• After excluding patients treated with late CC, the association was even more pronounced for the risk of death with early CC vs no CC at all (OR 0.14, 95% CI 0.06 – 0.32; p<0.001)
    • Survival to Follow Up With Favorable Neurologic Outcomes:
      • 60% with early CC
      • 39.7% without early CC
    • Patients Treated with Early Cath (N = 122):
      • 40/122 (33%) had successful PCI
        • 28/40 (70%) of interventions were for acute coronary occlusion
        • 18/40 (45%) had initial TIMI flow <3
        • 35/40 (87.5%) had culprit lesions of ≥70% stenosis
        • 40/40 (100%) had at least one nonculprit lesion of ≥70% stenosis
        • 12/40 (30%) had chronic total occlusions
      • Early Cath with PCI vs No PCI:
        • Survival to Hospital Discharge: 60% vs 68.3%
        • CPC 1 – 2 at Hospital Discharge: 57.5% vs 62.2%
        • No statistical difference between PCI and no PCI


  • At baseline, the patient populations were not balanced. Patients receiving early cardiac catheterization were more likely to be in shock (i.e. sicker), but also receive more aggressive treatment (i.e. Mechanical LV support devices, aspirin, antithrombin agents, Thyenopyridine agents, and Glycoprotein IIb/IIa inhibitors)
  • This is a retrospective observational study, which means many confounders may not have been taken into account (i.e. quality of CPR, time to ROSC, time to defibrillation, etc.)


  • Prior studies looking at survival and neurologic function in comatose cardiac arrest patients who received early CC had a large portion of STEMI patients in them (i.e. 33 – 34% of study cohort). This current study excluded STEMI patients and therefore focused on patients with cardiac arrest without STEMI.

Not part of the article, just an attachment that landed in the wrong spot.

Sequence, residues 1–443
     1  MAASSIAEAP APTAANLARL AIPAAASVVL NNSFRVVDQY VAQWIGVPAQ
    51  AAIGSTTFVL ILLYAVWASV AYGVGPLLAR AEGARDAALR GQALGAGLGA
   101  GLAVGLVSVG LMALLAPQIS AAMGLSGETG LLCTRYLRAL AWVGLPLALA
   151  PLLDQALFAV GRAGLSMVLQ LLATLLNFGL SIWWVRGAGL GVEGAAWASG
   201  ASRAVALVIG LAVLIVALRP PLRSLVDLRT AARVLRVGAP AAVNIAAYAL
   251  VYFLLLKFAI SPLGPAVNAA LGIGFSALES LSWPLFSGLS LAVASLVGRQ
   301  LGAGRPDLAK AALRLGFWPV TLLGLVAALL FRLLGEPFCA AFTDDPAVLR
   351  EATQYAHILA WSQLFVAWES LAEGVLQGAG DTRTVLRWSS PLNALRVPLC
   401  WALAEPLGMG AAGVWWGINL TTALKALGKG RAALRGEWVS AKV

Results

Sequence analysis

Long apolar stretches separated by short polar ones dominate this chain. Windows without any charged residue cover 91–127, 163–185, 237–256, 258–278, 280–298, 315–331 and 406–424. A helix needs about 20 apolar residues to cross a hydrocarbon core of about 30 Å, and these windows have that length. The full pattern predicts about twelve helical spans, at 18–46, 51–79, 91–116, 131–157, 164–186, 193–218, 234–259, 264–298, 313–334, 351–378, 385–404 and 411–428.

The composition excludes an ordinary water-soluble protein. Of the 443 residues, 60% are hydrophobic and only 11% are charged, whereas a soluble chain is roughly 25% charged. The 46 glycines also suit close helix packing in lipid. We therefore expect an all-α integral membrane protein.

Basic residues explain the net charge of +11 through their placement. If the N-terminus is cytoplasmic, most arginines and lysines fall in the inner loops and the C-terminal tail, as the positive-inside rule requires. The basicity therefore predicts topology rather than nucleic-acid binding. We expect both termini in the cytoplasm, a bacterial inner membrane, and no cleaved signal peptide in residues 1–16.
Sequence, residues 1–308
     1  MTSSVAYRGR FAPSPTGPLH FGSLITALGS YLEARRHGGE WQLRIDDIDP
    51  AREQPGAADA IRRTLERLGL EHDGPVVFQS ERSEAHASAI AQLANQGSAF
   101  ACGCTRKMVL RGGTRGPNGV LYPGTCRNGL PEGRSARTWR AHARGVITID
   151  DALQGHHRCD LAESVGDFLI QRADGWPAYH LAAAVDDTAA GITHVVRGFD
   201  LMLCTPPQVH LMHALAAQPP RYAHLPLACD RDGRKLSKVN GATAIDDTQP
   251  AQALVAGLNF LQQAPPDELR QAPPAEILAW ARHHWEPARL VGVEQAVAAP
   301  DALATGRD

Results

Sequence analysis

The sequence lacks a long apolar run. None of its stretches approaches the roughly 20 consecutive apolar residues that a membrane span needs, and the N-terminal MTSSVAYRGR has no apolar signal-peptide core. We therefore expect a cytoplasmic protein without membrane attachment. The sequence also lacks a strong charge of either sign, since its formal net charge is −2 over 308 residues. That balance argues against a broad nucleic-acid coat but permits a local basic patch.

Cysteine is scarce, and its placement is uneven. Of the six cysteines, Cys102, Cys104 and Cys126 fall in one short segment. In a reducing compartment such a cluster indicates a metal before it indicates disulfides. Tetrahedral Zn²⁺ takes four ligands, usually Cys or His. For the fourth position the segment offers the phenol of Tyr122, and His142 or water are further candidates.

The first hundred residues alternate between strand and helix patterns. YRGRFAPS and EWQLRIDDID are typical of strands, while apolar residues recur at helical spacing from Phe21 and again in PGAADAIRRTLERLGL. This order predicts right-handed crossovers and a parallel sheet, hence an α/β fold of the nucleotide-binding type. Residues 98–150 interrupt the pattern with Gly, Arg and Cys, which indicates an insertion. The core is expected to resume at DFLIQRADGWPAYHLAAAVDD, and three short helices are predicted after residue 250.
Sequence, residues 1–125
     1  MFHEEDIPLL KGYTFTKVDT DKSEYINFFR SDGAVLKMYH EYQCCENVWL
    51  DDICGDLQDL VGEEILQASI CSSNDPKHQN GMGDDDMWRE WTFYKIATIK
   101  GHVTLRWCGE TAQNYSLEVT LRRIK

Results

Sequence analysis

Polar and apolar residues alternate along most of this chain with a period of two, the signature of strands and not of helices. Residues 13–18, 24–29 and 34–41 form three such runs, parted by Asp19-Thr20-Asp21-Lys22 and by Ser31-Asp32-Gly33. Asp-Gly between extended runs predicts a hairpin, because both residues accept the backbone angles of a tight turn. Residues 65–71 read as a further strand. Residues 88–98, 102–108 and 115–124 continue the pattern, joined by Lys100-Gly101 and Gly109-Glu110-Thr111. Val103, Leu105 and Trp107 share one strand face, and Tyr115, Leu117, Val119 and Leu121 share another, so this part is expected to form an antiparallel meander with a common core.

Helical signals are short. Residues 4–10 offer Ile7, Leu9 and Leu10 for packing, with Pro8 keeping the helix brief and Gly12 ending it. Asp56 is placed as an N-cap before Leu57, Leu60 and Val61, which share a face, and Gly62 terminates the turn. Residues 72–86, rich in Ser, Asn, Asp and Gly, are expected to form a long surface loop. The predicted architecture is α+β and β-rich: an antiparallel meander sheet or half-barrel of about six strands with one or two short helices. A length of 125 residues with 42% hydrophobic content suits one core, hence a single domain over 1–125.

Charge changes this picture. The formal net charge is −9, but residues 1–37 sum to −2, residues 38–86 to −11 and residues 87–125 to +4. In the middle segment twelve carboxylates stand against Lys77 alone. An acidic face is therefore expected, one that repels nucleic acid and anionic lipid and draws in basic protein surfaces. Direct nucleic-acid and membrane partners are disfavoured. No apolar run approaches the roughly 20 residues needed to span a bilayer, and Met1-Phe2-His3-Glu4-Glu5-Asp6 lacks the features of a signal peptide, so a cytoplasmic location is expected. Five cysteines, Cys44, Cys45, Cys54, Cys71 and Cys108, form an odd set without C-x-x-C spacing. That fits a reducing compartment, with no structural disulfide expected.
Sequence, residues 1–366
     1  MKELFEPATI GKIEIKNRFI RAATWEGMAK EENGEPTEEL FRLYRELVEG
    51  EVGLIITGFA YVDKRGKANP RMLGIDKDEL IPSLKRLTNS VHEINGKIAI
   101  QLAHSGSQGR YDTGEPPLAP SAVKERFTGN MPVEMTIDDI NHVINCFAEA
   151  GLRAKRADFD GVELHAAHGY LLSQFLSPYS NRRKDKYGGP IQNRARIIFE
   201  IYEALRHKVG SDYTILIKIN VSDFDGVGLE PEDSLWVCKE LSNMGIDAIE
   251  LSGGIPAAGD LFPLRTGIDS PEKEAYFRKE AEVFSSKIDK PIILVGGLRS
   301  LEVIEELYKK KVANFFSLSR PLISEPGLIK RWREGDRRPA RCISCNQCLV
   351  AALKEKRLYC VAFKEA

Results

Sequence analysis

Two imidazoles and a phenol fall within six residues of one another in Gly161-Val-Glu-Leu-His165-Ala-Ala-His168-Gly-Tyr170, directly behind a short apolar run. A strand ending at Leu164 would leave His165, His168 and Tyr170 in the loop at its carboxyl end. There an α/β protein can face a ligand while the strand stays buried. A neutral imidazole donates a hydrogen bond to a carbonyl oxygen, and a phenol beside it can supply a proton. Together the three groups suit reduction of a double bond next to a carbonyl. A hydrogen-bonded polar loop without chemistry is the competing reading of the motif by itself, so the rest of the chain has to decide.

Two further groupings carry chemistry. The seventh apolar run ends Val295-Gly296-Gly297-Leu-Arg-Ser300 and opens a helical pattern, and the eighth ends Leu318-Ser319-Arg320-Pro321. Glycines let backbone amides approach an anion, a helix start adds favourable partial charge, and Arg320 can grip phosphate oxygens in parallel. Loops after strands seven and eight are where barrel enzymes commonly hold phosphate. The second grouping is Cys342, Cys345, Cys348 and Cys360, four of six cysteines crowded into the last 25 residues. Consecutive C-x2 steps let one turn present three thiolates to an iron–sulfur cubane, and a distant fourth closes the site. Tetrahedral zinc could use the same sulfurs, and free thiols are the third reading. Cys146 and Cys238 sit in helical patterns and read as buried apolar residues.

• One of the more significant findings of this study was the prevalence of acute coronary occlusions identified. 27% of patients had an acute coronary occlusion identified at the time of CC, which means one out of every 3 – 4 patients without STEMI on the post-resuscitation ECG has an acute coronary artery occlusion. The authors go on to say due to the significant rate of coronary artery disease discovered in patients who suffer cardiac arrest following ventricular arrhythmias and the poor sensitivity of the post-resuscitation ECG, a reasonable strategy may be to incorporate early CC in the routine care of this group of patients.
  • Its interesting that of the patients undergoing early cardiac catheterization, the outcomes in patients with PCI were not better when compared to those who received early catheterization and no PCI. In other words patients got a heart catheterization, but no intervention was performed. So maybe early CC results in improved outcomes for reasons other than early PCI (i.e. a greater intensity of care)
  • Finally, this study is hypothesis generating, and not conclusive evidence. We still need confirmation of these findings in a prospective, randomized trial

Author Conclusion: In comatose survivors of cardiac arrest without STEMI who are treated with TH, early CC is associated with significantly decreased mortality. The incidence of acute coronary occlusion is high, even when STEMI is not present on the post-resuscitation ECG.

Clinical Take Home Point:

In comatose survivors of cardiac arrest from ventricular arrhythmia, without STEMI on ECG, who are treated with TH, early CC is associated with better survival to hospital discharge with good neurologic outcomes, but a prospective, randomized trial is still required to confirm these findings.


  1. Hollenbeck RD et al. Early Cardiac Catheterization is Associated With Improved Survival in Comatose Survivors of Cardiac Arrest Without STEMI. Resuscitation 2014; (85)1: 88 – 95. PMID: 23927955
  2. Kleissner M et al. Impact of Urgent Coronary Angiography on Mid-Term clinical Outcome of Comatose Out-Of-Hospital Cardiac arrest Survivors Presenting Without ST-Segment Elevation. Resuscitation 2015 94: 61 -66. PMID: 26159608
  3. Millin MG et al. Patients without ST elevation after return of spontaneous circulation may benefit from emergent percutaneous intervention: a systematic review and meta-analysis. Resuscitation 2016; S0300-9572(16): 30461-0. PMID: 27640933

For More Thoughts on This Topic Checkout:

Post Peer Reviewed By: Anand Swaminathan (Twitter: @EMSwami)

Cite this article as: Salim Rezaie, "REBEL Cast Episode 14: Early Cardiac Catheterization in OHCA Survivors with Non-STEMI", REBEL EM blog, August 3, 2015. Available at: